I spent yesterday afternoon breaking down the way The Charlotte Observer misled its readers in the political hit piece it ran on Sunday, not to prove to you that the paper is incredibly biased to the left, which we already know, but to expose the simple methods reporters are using this political season to flim-flam their readers.
The reporter’s mission was clearly not objectivity, but to find data — any data — he could use to paint Mitt Romney as Wall Street’s candidate, a wholly owned subsidiary of those who caused our current financial calamity. It’s easy to do when you leave out half the facts and most of the context, then quote left wing organizations with no opportunity for those on the other side to respond.
The paper is joining the rest of the media in reporting off the very public Democrat Party template for destroying Romney that the Obama folks have very openly sworn to use.
Phase 1, eerily described here back in August at Politico.com, is being implemented now at the Observer and across the country:
The second aspect of the campaign to define Romney is his record as CEO of Bain Capital, a venture capital firm that was responsible for both creating and eliminating jobs. Obama officials intend to frame Romney as the very picture of greed in the great recession — a sort of political Gordon Gekko.
This Washington Post chart documents actual Wall Street giving. It shows clearly that, so far, Romney and the GOP are way behind.
Here are five simple tactics the Observer used to mislead its readers in today’s piece:
1. The Observer made it look to the casual reader like — and essentially concluded that – Romney is the candidate of the banks, and ultimately Wall Street, by only analyzing contributions from employees and bank PACs of top banks.
When you look at total giving from Wall Street and the banking industry, which the Washington Post has exhaustively done, you get a totally different tale than what the Observer presented today:
Despite frosty relations with the titans of Wall Street, President Obama has still managed to raise far more money this year from the financial and banking sector than Mitt Romney or any other Republican presidential candidate, according to new fundraising data.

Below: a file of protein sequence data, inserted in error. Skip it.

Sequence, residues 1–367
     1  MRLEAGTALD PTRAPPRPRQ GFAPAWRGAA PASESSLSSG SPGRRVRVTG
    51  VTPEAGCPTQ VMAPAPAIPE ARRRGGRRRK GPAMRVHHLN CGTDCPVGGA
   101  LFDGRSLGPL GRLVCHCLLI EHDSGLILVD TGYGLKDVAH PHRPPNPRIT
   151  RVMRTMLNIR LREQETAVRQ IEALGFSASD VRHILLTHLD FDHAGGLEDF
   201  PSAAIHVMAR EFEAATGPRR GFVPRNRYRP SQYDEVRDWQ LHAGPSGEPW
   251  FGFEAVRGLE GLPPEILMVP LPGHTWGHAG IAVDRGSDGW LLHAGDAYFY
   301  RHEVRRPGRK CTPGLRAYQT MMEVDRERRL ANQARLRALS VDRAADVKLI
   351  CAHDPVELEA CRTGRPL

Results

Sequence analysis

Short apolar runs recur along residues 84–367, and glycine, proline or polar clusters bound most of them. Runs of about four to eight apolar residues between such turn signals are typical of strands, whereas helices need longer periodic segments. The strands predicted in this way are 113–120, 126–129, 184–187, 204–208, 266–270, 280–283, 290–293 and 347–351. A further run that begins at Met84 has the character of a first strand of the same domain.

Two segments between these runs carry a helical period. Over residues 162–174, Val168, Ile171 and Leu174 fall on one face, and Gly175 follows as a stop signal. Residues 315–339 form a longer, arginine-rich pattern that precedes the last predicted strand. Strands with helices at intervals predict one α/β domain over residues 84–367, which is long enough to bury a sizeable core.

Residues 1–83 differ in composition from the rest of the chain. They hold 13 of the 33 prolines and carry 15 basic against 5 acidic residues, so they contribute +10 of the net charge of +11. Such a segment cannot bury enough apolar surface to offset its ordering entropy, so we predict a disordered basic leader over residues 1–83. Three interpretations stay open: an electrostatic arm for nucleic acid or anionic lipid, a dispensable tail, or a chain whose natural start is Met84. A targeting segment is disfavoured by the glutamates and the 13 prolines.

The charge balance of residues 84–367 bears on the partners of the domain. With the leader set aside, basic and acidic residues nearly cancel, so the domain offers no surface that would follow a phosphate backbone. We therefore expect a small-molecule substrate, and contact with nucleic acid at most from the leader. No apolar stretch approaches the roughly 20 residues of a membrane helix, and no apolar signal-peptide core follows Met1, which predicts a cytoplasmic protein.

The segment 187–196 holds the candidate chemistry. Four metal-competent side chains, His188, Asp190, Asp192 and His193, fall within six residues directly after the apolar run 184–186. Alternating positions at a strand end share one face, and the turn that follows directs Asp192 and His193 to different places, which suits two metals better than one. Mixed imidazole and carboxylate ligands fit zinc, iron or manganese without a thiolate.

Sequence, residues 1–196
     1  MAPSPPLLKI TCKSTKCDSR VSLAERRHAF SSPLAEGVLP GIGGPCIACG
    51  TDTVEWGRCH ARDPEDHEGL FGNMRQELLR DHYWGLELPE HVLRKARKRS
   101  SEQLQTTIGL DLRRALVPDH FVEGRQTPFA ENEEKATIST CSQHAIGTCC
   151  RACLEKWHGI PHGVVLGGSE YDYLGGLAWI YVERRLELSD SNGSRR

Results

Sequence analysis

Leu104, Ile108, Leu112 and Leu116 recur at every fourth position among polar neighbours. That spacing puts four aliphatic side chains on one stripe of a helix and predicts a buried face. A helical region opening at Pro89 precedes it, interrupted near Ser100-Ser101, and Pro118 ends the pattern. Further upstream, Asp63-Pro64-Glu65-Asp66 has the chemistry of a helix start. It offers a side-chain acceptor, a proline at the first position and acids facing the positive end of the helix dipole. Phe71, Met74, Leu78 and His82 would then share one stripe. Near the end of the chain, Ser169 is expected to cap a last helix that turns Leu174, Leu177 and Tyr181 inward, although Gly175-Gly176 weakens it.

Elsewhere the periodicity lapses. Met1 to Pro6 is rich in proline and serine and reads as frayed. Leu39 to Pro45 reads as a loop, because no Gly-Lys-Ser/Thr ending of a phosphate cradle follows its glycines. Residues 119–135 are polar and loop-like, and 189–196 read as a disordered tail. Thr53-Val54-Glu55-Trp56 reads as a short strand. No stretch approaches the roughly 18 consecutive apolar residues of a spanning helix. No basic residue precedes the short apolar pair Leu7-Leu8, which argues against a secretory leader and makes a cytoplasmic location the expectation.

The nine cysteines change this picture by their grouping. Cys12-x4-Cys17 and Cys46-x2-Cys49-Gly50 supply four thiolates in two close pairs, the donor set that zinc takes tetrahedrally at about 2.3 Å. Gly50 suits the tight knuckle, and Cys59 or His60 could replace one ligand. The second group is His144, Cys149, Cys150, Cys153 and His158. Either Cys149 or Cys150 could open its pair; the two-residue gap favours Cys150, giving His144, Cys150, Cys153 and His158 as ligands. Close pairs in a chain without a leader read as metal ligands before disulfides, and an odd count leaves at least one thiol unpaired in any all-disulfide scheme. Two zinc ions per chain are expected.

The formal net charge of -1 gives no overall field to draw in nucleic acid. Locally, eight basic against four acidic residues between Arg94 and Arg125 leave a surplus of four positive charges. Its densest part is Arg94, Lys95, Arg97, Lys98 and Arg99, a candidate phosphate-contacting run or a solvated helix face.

Obama’s key advantage over the GOP field is the ability to collect bigger checks because he raises money for both his own campaign committee and for the Democratic National Committee, which will aid in his reelection effort.
As a result, Obama has brought in more money from employees of banks, hedge funds and other financial service companies than all of the GOP candidates combined, according to a Washington Post analysis of contribution data. The numbers show that Obama retains a persistent reservoir of support among Democratic financiers who have backed him since he was an underdog presidential candidate four years ago.
When combined totals of what Obama raised for the DNC, which will spend heavily on his campaign, and his actual campaign are analyzed, Obama pulverizes the whole GOP field combined.
To see who is really raking it in, you’ve got to look at the whole enchilada, not a million or so dollars, or even $10 million dollars, as the Observer has. Contributions by individual bank employees and bank employee PACS are a poor indicator of who the industry supports because they raise such a tiny amount of money and most of those giving aren’t power players or fundraisers, just regular bank employees.
It’s who bank executives fund raise and bundle for that counts, especially at the party level. The Observer conveniently ignores that to avoid having to conclude that while Romney is holding his own, it is Obama who is currently owned by Wall Street donors (see helpful Washington Post chart).
2. Hide the truth by leaving out or ignoring crucial details, like that right now, most financial sector money from the banks and Wall Street is coming in via the DNC, not the little employee PACs and donations the Observer analyzed, as the Washington Post explains:
Unlike the Republican candidates, Obama can raise money for both his own campaign account, which can take donations up to $5,000 for the 2012 cycle, and for his party’s national committee, which can accept $30,800 per individual each calendar year. The same donors will be able to give another $30,800 to the DNC next year.